Johnston recalls the creation as a partnership between him and Simmons. Now nearly half a century later, their relationship still remains strong. “We asked Pat to come over and jam with us, and he did,” Johnston recalls, “Long story short, we ended up getting together and being a band. It was just four people to start. Then Dave became the bass player, we started playing, ended up being called The Doobie Brothers for a night and it stuck. That was the genesis of The Doobie Brothers band.”
Salamanca, holding 2,200 fans, was the smallest audience the band was scheduled to play this year. The small yet intimate venue allowed fans to see firsthand how the band’s musical relationship has evolved throughout time, hearing their distinct sound in classics scattered throughout their setlist.
When asked how the band relates to its early days, “A lot better,” Johnston said jokingly regarding the strong relationship they have been able to build throughout time. “Way better musically, when I say that,” Johnston elaborated, “I mean everybody’s playing better, much more cohesive, much tighter, and much more professional sounding.”
The Doobies, having many heart-shed moments throughout the years still manage to go on, and perform hundreds of shows annually. Recently, The Doobies performed two historic landmark shows at the Beacon Theater earlier this year. The idea behind these shows stemmed from the lack of a small intimate crowd the Doobies once lived for. Performing two albums in their entirety, the band recorded a DVD that is set to be released later this year. Johnston saw it as a perfect opportunity to showcase their musicality and the vast catalog of The Doobie Brothers.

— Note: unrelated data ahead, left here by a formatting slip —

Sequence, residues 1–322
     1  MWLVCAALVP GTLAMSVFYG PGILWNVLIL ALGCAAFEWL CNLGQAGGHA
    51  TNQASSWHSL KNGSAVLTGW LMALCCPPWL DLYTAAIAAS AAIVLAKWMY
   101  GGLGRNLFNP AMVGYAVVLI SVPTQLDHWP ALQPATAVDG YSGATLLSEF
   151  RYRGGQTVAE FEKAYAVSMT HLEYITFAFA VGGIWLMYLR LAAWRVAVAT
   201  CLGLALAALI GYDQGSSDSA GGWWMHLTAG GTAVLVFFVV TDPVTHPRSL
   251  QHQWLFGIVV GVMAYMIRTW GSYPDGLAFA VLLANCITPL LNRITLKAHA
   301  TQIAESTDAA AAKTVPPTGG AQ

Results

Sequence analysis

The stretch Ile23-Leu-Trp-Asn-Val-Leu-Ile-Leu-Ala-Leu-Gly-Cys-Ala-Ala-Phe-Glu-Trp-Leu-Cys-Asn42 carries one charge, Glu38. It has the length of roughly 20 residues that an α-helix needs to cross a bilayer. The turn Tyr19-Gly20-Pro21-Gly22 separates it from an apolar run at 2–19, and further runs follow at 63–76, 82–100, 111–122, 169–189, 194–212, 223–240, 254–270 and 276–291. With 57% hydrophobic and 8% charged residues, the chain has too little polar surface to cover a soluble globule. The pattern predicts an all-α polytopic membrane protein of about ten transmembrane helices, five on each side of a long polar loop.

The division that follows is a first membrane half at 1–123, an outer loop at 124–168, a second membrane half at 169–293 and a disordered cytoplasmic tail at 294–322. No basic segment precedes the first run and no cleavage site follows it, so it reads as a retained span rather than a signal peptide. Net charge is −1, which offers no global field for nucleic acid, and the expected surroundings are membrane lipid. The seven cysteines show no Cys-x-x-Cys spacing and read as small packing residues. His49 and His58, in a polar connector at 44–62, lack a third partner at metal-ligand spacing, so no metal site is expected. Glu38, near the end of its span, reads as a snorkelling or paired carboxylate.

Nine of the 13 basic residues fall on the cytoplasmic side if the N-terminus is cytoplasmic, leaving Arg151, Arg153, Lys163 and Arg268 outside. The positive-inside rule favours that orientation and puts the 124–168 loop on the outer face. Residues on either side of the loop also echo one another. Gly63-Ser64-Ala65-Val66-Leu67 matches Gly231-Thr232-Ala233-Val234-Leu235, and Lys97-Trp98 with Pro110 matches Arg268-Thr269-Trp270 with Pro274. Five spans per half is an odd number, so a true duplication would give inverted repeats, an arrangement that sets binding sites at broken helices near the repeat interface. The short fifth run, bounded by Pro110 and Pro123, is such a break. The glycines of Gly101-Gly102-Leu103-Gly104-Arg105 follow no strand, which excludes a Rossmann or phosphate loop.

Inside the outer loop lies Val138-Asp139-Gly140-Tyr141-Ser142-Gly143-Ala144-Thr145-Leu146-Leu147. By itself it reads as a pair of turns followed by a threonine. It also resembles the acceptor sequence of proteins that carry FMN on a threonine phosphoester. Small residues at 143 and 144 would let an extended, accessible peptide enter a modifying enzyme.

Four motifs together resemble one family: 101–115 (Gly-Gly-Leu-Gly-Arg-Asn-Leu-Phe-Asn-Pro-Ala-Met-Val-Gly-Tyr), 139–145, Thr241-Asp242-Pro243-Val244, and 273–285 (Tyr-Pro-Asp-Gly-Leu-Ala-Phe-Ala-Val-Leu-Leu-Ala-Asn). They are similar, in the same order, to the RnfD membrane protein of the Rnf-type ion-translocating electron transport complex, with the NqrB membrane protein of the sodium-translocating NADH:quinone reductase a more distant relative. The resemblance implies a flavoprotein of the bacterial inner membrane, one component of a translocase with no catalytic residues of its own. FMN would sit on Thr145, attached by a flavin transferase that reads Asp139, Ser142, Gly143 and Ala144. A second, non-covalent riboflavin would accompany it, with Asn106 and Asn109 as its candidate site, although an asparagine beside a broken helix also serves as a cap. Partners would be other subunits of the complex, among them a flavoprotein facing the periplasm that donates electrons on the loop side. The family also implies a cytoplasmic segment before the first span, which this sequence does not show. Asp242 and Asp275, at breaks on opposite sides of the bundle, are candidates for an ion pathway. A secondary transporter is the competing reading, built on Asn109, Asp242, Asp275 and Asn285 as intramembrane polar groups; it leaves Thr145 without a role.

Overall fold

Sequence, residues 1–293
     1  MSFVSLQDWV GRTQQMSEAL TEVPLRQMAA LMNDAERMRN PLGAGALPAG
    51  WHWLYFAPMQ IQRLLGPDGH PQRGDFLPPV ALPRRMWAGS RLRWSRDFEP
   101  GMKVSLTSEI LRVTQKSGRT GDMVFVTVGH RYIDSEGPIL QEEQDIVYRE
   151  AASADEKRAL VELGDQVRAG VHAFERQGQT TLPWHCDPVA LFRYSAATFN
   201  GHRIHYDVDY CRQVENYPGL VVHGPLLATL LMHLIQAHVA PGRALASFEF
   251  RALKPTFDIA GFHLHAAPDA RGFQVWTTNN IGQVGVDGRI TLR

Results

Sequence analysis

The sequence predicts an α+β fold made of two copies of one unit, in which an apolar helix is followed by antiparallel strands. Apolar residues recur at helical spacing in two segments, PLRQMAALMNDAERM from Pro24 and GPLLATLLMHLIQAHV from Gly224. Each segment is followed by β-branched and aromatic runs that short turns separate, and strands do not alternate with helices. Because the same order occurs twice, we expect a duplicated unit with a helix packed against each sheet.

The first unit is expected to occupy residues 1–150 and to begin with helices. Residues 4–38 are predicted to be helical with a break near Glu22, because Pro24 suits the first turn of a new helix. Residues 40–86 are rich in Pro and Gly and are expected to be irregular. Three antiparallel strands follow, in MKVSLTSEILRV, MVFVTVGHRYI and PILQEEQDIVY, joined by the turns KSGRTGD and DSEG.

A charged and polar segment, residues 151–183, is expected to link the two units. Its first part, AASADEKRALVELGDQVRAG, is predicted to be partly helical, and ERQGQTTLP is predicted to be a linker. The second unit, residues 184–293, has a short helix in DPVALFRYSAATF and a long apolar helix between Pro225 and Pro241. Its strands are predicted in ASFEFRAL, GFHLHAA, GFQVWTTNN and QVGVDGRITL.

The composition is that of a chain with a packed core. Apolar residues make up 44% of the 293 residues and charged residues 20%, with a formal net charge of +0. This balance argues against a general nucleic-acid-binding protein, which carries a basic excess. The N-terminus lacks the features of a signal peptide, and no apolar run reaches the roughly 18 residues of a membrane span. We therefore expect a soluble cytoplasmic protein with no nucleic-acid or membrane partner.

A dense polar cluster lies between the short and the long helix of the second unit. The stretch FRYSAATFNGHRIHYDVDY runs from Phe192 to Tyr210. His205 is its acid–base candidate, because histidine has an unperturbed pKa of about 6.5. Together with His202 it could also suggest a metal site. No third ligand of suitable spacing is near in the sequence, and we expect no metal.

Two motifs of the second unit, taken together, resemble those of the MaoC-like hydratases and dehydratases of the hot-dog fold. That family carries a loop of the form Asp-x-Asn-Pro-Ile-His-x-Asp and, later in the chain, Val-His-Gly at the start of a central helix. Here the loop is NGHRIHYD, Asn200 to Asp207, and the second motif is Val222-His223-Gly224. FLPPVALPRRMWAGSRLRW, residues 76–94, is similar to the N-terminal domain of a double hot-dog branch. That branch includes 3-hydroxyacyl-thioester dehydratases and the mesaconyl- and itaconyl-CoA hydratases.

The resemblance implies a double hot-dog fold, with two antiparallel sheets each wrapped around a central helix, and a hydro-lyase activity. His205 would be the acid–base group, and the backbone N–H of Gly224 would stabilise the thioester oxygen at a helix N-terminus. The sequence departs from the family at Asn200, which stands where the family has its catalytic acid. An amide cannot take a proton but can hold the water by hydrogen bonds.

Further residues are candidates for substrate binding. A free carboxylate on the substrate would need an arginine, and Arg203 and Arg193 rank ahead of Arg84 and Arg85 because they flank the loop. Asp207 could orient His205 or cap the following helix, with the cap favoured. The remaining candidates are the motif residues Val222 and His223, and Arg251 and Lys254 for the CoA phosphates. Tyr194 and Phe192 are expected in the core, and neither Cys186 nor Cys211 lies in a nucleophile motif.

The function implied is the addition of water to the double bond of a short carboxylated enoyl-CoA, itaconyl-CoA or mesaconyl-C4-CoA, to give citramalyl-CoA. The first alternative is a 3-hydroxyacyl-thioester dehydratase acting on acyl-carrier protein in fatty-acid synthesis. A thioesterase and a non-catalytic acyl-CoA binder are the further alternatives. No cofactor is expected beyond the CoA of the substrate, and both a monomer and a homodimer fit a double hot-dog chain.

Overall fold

“A good example of that is to watch and hear the DVD coming out from the shows we did at the Beacon Theater in New York,” said Johnston. “We did two album shows, something we’ve never done before, and had not planned on doing then.
It was a suggestion by Mitch Rose, so we did, Toulouse Street, and the Captain and me. We performed very song and a lot of the songs we have never played before live, ever, so all of a sudden we had to really go into rehearsal mode, to get all of the stuff together to do two albums per night.
That will be coming out in the not too distant future. To give everybody an idea of the musicality of the band.”
Playing the Beacon, a historic landmark is just one example of the band’s venues throughout the country. Playing both stadiums and clubs, Johnston has mixed feelings on what exactly he feels is the best venue to call home.
“It is a thrill to play in those places, I won’t say it’s not,” Johnston said in regard to playing sold out arenas throughout his career. “We did some shows called the Classics, there were two of them, one was in Dodgers stadium one was in the Mets stadium, and that’s a huge rush, it really is.”